Then, the mapping F : S −→ X defined by F z = Hz + Lz.Kz, z ∈ S, is a


strict-set-contraction.

Now, the following theorem shows that, under some conditions, an operator
of the form F := A + T.T ′ may have a fixed point.
318 Nonlinear Functional Analysis in Banach Spaces and Banach Algebras

Theorem 7.5.2 Let S be a closed, bounded, and convex subset of a Banach


algebra X, let S ′ be a closed, bounded, and convex subset of a Banach algebra
Y , and let A : S −→ X , B, B ′ : S ′ −→ X, C : S −→ Y , and D : S ′ −→ S ′
be five operators such that:

(i) A, B, and C are Lipschitzian with the constants α, β, and λ, respectively,


(ii) C is compact and B ′ is continuous,

(iii) D is a k-contraction,

(iv) C(S) ⊂ (I − D)(S ′ ), and

(v) Ax + T x.T ′x ∈ S for all x ∈ S, where T = B(I − D)−1 C, and T ′ =


B ′ (I − D)−1 C.

Then, the mapping F := A + T.T ′ has, at least, a fixed point in S whenever


λ
α + β 1−k δ < 1, where δ = supx∈S kT ′ (S)k.

Proof. Since D is a k-contraction on S ′ , B and C are β, λ-Lipschitzian,


respectively, and C(S) ⊂ (I − D)(S ′ ), then the operator T = B(I − D)−1 C
λ
exists and is Lipschitzian with the constant β 1−k . Also, the operator T ′ =
′ −1
B (I − D) C exists and is compact. Indeed, let Ω be a bounded subset
of X and αn ∈ T ′ (Ω) := B ′ (I − D)−1 C(Ω). Then, there exists a sequence
(ψn )n ∈ C(Ω) such that αn = B ′ (I−D)−1 ψn for all n ∈ N. Due to the fact that
C is compact, we deduce that C(Ω) is relatively compact and hence, (ψn )n has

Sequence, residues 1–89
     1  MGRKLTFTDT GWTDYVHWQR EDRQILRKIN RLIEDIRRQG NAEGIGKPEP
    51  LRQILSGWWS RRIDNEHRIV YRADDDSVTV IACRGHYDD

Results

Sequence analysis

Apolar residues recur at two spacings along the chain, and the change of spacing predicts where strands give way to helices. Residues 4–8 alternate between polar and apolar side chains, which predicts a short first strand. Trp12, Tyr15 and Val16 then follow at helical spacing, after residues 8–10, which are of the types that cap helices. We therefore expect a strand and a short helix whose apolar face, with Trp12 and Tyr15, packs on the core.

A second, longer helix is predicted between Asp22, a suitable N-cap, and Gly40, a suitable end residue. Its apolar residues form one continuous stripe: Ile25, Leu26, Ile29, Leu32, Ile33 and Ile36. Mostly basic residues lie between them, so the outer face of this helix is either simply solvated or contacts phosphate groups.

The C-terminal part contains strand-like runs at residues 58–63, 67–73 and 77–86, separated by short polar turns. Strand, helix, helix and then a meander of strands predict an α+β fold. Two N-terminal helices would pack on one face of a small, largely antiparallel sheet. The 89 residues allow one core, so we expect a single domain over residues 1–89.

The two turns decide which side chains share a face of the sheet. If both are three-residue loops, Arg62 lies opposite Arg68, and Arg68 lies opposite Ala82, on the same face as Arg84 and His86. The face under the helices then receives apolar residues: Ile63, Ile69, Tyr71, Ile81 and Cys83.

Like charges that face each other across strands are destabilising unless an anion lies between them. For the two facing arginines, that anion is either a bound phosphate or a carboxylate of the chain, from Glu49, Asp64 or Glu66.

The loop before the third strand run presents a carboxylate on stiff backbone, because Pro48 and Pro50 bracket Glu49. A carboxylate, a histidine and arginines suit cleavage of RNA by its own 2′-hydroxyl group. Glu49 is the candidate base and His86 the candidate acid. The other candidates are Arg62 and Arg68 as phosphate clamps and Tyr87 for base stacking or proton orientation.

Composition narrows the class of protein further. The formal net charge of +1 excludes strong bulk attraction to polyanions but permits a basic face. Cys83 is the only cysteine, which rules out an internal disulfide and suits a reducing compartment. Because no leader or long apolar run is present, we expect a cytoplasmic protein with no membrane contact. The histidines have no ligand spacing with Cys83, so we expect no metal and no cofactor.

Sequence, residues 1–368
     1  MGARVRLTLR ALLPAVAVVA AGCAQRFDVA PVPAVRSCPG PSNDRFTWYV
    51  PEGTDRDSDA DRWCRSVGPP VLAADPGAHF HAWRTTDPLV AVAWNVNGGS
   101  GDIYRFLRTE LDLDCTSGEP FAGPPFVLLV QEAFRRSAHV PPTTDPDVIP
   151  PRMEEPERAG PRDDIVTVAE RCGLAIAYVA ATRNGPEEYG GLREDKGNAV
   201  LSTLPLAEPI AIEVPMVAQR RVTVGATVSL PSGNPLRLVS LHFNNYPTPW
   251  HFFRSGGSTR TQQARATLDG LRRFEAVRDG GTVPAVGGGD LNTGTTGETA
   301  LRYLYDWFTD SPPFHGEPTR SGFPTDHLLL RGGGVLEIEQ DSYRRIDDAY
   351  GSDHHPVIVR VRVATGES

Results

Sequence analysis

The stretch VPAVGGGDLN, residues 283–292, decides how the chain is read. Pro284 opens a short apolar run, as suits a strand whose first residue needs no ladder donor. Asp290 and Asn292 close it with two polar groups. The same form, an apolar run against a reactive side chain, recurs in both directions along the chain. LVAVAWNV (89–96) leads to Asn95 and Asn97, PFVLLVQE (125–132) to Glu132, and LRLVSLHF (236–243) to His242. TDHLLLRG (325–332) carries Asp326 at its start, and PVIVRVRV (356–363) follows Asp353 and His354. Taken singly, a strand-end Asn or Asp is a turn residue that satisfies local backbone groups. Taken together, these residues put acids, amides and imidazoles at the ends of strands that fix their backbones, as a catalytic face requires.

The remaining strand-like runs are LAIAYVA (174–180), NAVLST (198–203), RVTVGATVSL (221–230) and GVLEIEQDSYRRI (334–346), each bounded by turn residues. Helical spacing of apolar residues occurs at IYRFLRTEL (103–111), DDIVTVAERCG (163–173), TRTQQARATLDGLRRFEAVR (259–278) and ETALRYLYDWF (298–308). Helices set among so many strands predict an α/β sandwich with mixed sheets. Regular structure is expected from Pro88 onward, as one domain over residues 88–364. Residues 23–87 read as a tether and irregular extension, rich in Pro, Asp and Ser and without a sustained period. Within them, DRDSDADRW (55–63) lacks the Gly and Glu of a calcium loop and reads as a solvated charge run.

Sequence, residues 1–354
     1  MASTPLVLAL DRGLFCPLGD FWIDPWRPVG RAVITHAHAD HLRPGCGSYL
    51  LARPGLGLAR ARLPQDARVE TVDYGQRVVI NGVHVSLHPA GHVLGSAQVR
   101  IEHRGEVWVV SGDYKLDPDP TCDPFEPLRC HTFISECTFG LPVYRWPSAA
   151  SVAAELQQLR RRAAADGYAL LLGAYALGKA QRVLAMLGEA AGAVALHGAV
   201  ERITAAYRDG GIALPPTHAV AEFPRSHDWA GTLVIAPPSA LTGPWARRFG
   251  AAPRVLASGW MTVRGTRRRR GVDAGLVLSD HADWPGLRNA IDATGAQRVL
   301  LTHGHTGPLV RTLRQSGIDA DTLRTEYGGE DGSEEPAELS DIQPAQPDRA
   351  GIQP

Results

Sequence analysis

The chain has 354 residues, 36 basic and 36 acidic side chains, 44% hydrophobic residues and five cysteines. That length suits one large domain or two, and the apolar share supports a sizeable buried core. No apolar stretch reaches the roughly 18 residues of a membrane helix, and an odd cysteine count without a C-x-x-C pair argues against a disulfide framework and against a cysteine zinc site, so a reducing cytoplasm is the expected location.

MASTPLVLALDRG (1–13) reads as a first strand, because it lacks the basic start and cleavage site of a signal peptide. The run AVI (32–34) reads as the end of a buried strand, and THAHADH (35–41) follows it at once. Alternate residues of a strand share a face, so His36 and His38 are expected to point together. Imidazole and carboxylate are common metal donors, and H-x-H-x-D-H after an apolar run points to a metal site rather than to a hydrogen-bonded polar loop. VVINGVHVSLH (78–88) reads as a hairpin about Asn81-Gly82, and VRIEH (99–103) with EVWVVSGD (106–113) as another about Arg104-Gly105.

a convergent subsequence (ψϕn )n −→ ψ. Therefore, αϕn := B ′ (I − D)−1 ψϕn
is convergent, since B ′ (I − D)−1 is continuous. So, Theorem 7.5.1 establishes
that F is a strict-set-contraction. Hence, by applying Darbo’s theorem, we
deduce that F has, at least, a fixed point. Q.E.D.

Next, we recall the following useful compactness criterion:

Proposition 7.5.2 [127] Let C be a bounded subset of Cb (I). Assume that C


is pointwise equicontinuous in I, and
n o
lim sup sup{|ϕ(t)|; t ∈ I, |t| ≥ a} = 0.
a→+∞ ϕ∈C

Then, C is relatively compact in Cb (I).

For the following, let us define the subsets S and S ′ on Cb (I) by:

S := {x ∈ Cb (I), kxk ≤ r}
Two-Dimensional Boundary Value Problems 319

and n θr + kf2 (., 0)k + kg2 (., 0)k o


S ′ := y ∈ Cb (I), kyk ≤ p := .
1−k
Now, let us specify the assumptions under which the equations of (7.41) will
be investigated. These assumptions are as follows:
(R32 ) h : R −→ R is α-Lipschitzian, i.e., khx − hyk ≤ αkx − yk for all x,
y ∈ S, and t −→ h(0)(t) is bounded on I.

(R33 ) f1 : I × R −→ R satisfies :

(a) f1 is η-Lipschitzian with respect to the second variable, i.e.,

kf1 (., x) − f1 (., y)k ≤ ηkx − yk for all x, y ∈ S ′ ,

(b) the function t −→ f1 (t, 0) is bounded on I, and


[(1 − α)r − kh(0)k]ηθ
(c) kf1 (., 0)k > − ηp.
(1 − α)(1 − k)
(R34 ) f2 : I × R −→ R satisfies:
(a) f2 is θ-Lipschitzian with respect to the second variable, i.e.,

kf2 (., x) − f2 (., y)k ≤ θkx − yk for all x, y ∈ S ′ .

(b) f2 is 1-Lipschitzian with respect to the first variable, i.e.,

kf2 (t, .) − f2 (s, .)k ≤ kt − sk for all t, s ∈ I,

(c) the function t −→ f2 (t, x) is bounded on I for all x ∈ S, and

(d) lima−→∞ supf2 (.,x)∈f2 (.,S) {sup{|f2 (t, x)|; t ∈ I, |t| ≥ a}} = 0.

(R35 ) g2 : I × R −→ R satisfies :

(a) g2 is a k-contraction with respect to the second variable, i.e.,

kg2 (., x) − g2 (., y)k ≤ kkx − yk for all x, y ∈ S ′ ,

(b) the function t −→ g2 (t, 0) is bounded on I, and

(c) kg2 (., 0)k ≤ p(1 − k).

(R36 ) g : I × I × R −→ R satisfies the following conditions:

(i) for every t ∈ I, the function s −→ g(t, s, x) is measurable for all x ∈ R


and the function x −→ g(t, s, x) is continuous for almost all s ∈ I,